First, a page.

Before the pandemic, your career was tied to your location. If you worked in tech, it was best to live in a booming tech hub. If you worked in the medical field, you had to commute daily to a clinic. But after nearly every profession experienced a shift to working from home during the pandemic (and having the opportunity to realize that it works), more and more employees are requesting a permanent decoupling of career and location and demanding flexibility, both in terms of working hours and physical location.
Employees everywhere have proved they don’t need to go into the office to have an impact. Today, organizations are seeing an uptick in requests from employees who want to relocate to their home country, move to be closer to family, or live abroad for the fun of it.
While enabling international employee relocation can be key to retaining top talent, it can be a tricky scenario for an HR department. Relocation requests on an international level trigger administrative, legal, tax implications, visa and residency requirements—and becoming an expert in every country's labor laws just isn’t feasible.
Let’s dig into some of the common challenges that come with remote employee relocation requests, and we’ll share some tips and tools to navigate them.
The rules and regulations governing work are different from country to country—and noncompliance with local laws can lead to major fines and penalties. If you have multiple employees in one location, you could open a legal entity yourself, but it’s costly and the process is lengthy. In this situation, most companies choose to use an employer of record (EOR) to employ full-time workers in another country.
Let’s look at an example of how this works. Say a company based in Germany has an employee who wants to relocate to Spain. This can be a tricky situation because if the company doesn’t have a legal entity set up in Spain, they can’t handle visas. In this instance, the employer may choose to use a global employment platform to manage all aspects of local compliance. This includes ensuring employment agreements are up to par with local labor laws and providing the legal protection the company needs.
It might not be possible to include your remote worker in your home-country payroll once they move abroad. That means you would have to set up payroll in every new country you hire in—and find a way to pay these employees without spending a ton on exchange rates and bank fees.
There’s no need to spend months (and thousands of dollars) setting up a business entity everywhere you find a great candidate.The simplest solution for managing global payroll is to invest in a platform that does it for you. The ideal platform would empower you to generate compliant local contracts, manage local taxes and contributions, and give you access to local legal and HR expertise.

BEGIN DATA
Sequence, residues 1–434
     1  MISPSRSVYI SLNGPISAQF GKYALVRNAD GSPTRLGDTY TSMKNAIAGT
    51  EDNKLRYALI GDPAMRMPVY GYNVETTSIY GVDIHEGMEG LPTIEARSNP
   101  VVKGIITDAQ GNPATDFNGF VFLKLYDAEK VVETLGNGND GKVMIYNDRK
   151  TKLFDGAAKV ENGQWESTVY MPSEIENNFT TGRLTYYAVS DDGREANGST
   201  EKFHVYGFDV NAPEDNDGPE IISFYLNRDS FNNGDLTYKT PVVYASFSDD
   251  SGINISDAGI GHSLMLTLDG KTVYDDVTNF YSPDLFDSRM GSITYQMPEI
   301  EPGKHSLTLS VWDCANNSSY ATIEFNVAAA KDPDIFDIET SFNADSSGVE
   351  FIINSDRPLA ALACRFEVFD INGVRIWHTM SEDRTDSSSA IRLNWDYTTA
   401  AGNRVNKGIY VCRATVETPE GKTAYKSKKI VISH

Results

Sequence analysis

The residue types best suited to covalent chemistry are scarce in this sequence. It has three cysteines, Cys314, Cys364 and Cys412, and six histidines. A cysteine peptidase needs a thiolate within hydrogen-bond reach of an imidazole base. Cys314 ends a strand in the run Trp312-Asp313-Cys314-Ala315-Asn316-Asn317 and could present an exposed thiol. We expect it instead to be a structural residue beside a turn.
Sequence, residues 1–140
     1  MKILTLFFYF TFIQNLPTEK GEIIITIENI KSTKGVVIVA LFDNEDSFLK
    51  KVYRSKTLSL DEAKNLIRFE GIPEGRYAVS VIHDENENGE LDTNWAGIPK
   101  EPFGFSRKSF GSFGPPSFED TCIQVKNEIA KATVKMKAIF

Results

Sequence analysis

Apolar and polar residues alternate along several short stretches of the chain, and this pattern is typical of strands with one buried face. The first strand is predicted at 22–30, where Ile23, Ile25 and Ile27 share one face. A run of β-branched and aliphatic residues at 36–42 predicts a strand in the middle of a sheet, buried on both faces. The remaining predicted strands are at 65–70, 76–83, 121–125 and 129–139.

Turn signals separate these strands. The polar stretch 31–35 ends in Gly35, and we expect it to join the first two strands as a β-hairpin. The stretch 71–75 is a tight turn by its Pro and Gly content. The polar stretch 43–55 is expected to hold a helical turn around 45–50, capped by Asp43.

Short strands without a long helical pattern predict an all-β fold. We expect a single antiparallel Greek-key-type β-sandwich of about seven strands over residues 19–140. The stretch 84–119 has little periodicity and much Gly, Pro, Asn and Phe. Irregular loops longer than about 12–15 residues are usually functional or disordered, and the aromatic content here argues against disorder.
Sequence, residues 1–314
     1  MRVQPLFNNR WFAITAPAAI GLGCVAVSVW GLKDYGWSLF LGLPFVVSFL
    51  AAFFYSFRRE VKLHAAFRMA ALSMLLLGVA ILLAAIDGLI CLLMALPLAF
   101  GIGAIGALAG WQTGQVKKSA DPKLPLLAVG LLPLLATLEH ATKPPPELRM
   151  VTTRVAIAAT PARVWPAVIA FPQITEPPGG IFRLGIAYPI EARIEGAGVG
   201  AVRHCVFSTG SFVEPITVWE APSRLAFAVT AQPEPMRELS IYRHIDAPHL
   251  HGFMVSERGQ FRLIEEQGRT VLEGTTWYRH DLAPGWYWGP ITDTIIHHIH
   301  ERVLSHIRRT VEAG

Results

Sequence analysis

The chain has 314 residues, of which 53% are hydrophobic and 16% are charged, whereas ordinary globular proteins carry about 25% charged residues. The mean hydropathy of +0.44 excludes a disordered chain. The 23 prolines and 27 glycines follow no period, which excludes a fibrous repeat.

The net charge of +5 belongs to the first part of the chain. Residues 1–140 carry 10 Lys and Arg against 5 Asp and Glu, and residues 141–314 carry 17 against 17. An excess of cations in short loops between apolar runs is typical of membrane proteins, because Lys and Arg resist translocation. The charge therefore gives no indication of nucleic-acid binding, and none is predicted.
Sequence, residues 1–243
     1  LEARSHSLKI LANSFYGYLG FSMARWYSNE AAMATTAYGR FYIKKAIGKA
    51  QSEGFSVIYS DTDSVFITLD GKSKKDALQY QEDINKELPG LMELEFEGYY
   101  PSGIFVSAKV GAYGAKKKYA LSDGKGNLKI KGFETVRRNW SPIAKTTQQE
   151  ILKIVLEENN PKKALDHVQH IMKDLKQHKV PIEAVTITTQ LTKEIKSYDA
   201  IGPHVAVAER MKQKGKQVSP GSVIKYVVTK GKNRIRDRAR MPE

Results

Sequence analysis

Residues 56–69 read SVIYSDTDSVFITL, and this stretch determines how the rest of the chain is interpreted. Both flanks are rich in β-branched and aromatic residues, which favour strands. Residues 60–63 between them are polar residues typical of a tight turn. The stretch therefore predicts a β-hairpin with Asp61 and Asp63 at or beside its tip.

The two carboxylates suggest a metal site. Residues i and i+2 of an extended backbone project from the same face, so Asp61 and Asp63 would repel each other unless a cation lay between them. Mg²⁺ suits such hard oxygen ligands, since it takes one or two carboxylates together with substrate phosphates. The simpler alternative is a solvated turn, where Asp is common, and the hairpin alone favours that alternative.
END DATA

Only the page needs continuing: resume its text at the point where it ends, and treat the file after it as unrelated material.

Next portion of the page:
Because employees are no longer tied to one geographical location, more and more are making the move abroad. This can complicate things for an employer who isn’t equipped to handle the immigration and visa requirements needed to accommodate these changes on their team.
For example, a company is ready to hire a candidate who recently moved to France, but the visa process will take a couple of months, and they want an immediate start. This is where relocation services like Jobbatical can be quite helpful. They can take care of the challenges around immigration and let employers relocate their international hires easily.
Until the visa is granted, employers can use an EOR for the new employee’s country of residence, and the employee can enter the country and start working from the local office.
As an employer who hires around the world, it’s important to define and communicate your compensation strategy for your global workforce. Some companies tie pay to location, whereas others follow a location-agnostic compensation approach.
Whatever compensation your company chooses to use, it's important that you have one singular approach and are up front about it. When it comes to building trust with your global workforce, it’s recommended that companies take a stance, put a stake in the ground, and allow potential employees to decide if that company subscribes to a pay structure that works for them.
As more businesses shift to distributed, remote-first, and hybrid models, businesses have to give their employees the flexibility to relocate anywhere in the world in order to stay competitive. The reality is that many employees will never make the return to their in-office roles, and it’s our job as employers to help accommodate this new way of working and make that transition as smooth as possible.
Oyster is a global employment platform designed to enable visionary HR leaders to find, hire, pay, manage, develop and take care of a thriving global workforce. It lets growing companies give valued international team members the experience they deserve, without the usual headaches and expense.
Oyster enables hiring anywhere in the world with reliable, compliant payroll, and great local benefits and perks.
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